US Intensifies Economic Pressure On Iran In Response To Attack On Israel: 'We Will Continue To Deploy Our Sanctions Authority,' Yellen Says

Zinger Key Points
  • The U.S. Treasury, via OFAC, announced new sanctions against Iran due to the April 13 attack on Israel.
  • Sanctions target 16 individuals and two groups aiding Iran’s UAV program. Additional sanctions hit Iran’s steel sector.

The U.S. Department of the Treasury, through its Office of Foreign Assets Control (OFAC), announced Thursday new sanctions against Iran following the unprecedented April 13 attack on Israel.

The sanctions target a network of 16 individuals and two organizations involved in developing Iran’s Unmanned Aerial Vehicle (UAV) capabilities.

These UAVs, particularly the Shahed variant, were utilized in the recent attack, implicating entities like the Kimia Part Sivan Company (KIPAS), which operates under the auspices of Iran's Islamic Revolutionary Guard Corps-Qods Force (IRGC-QF).

Expanding Economic Restrictions

In addition to UAV-related sanctions, OFAC is taking action against Iran's steel industry, which is a major economic driver through its export revenues.

Five companies across various countries have been designated for providing materials for steel production or purchasing finished products from Iran's Khuzestan Steel Company (KSC).

The sanctions extend to three subsidiaries of the Iranian automaker Bahman Group, which are accused of supporting the IRGC and other entities previously designated under U.S. counterterrorism authorities.

Secretary of the Treasury Janet Yellen emphasized the strategic use of economic sanctions as a tool to undermine Iran's destabilizing activities and its support for terrorism.

“We will continue to deploy our sanctions authority to counter Iran with further actions in the days and weeks ahead,” Yellen stated.

“Our actions make it harder and costlier at every turn for Iran to continue its destabilizing behavior," she added.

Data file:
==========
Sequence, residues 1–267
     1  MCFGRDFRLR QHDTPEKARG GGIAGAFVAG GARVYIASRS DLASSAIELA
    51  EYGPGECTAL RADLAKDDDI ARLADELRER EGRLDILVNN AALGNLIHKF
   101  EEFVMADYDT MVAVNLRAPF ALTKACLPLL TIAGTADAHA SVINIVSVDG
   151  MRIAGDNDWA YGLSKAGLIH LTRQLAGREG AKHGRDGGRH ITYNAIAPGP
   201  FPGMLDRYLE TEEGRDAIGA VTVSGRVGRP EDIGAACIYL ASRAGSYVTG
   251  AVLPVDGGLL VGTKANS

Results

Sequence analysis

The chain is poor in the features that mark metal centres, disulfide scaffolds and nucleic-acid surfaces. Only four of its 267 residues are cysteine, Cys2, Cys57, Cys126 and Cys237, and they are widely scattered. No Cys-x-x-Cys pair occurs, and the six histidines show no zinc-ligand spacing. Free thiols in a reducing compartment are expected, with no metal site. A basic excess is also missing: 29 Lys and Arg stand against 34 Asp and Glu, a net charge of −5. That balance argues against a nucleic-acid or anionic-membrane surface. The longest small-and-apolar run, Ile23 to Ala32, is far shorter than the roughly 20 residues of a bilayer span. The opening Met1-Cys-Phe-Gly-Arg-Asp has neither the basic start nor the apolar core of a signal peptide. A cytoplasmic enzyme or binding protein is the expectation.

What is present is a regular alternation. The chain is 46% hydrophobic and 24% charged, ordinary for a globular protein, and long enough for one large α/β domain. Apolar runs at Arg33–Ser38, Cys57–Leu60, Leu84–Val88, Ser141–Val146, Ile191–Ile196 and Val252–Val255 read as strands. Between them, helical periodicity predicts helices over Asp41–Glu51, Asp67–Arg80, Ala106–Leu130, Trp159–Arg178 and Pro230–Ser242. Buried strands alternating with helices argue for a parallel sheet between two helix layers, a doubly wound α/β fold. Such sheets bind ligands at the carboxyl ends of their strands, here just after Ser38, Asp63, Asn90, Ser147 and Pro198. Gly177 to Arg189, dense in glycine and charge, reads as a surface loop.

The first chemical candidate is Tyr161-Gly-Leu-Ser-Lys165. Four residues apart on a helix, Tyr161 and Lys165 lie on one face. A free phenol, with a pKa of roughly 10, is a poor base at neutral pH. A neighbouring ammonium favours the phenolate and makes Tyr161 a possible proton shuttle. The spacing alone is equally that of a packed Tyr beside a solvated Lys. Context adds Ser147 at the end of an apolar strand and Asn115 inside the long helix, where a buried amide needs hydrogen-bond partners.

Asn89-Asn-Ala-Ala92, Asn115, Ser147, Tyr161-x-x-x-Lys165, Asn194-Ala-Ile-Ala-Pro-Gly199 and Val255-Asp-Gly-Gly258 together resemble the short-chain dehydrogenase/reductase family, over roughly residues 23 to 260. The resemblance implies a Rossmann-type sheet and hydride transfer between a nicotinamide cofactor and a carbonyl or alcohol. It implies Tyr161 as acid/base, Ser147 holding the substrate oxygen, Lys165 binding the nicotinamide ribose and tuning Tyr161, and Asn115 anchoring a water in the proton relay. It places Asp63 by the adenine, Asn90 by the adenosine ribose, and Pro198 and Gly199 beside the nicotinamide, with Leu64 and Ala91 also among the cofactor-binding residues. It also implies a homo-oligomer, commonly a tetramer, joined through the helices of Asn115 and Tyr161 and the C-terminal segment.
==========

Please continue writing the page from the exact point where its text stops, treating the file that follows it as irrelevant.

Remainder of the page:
Over recent years, the U.S. has sanctioned over 600 individuals and entities linked to Iranian terrorist activities, human rights abuses, and various militant groups.

The Treasury’s sanctions extend beyond just direct penalties on individuals and entities. They include comprehensive blocking measures that freeze all property and interests in property located in the United States or controlled by U.S. persons.

Implications of New Sanctions

These assets must be reported to OFAC, underlining the extensive reach of these measures. The blocking is not limited to the directly named individuals and entities but also applies to any entities owned 50 percent or more by the sanctioned parties, whether directly or indirectly.

U.S. financial institutions and other entities engaging in transactions or business activities with the newly sanctioned individuals and companies may find themselves at risk of facing secondary sanctions.


Coordinated International Measures

The United Kingdom is aligning with U.S. efforts by imposing similar sanctions on Iranian military organizations and firms involved in the UAV and ballistic missile sectors.

This comes in the wake of a statement from the finance ministers and central bank governors of the G7 nations, emphasizing their commitment to coordinate future measures aimed at limiting Iran’s weapons capabilities.

Similarly, European Union leaders have pledged to intensify sanctions against Iran, responding to the serious implications of Tehran’s military actions on regional and global stability.

Market Reactions

Following the announcement of new U.S. sanctions against Iran, oil prices showed negligible movement. West Texas Intermediate (WTI) light crude was trading below $82 a barrel on Thursday, underscoring the market’s tempered reaction to geopolitical tensions.

The United States Oil Fund USO, which tracks the price of WTI crude, saw a slight decline, dropping by 0.6%.

An hour into the morning trading session in New York, major indices managed to overcome early losses, indicating a positive market sentiment. The SPDR S&P 500 ETF Trust SPY was up by 0.5%.

Gold also experienced a slight increase, with the SPDR Gold Trust GLD climbing by 0.5%, despite a marginal pullback from its early session highs.

Read now: The Israel-Bombs-Iran Trade: This Trade That Worked After The Israel-Hamas War Started Could Work Again

Photo: Shutterstock

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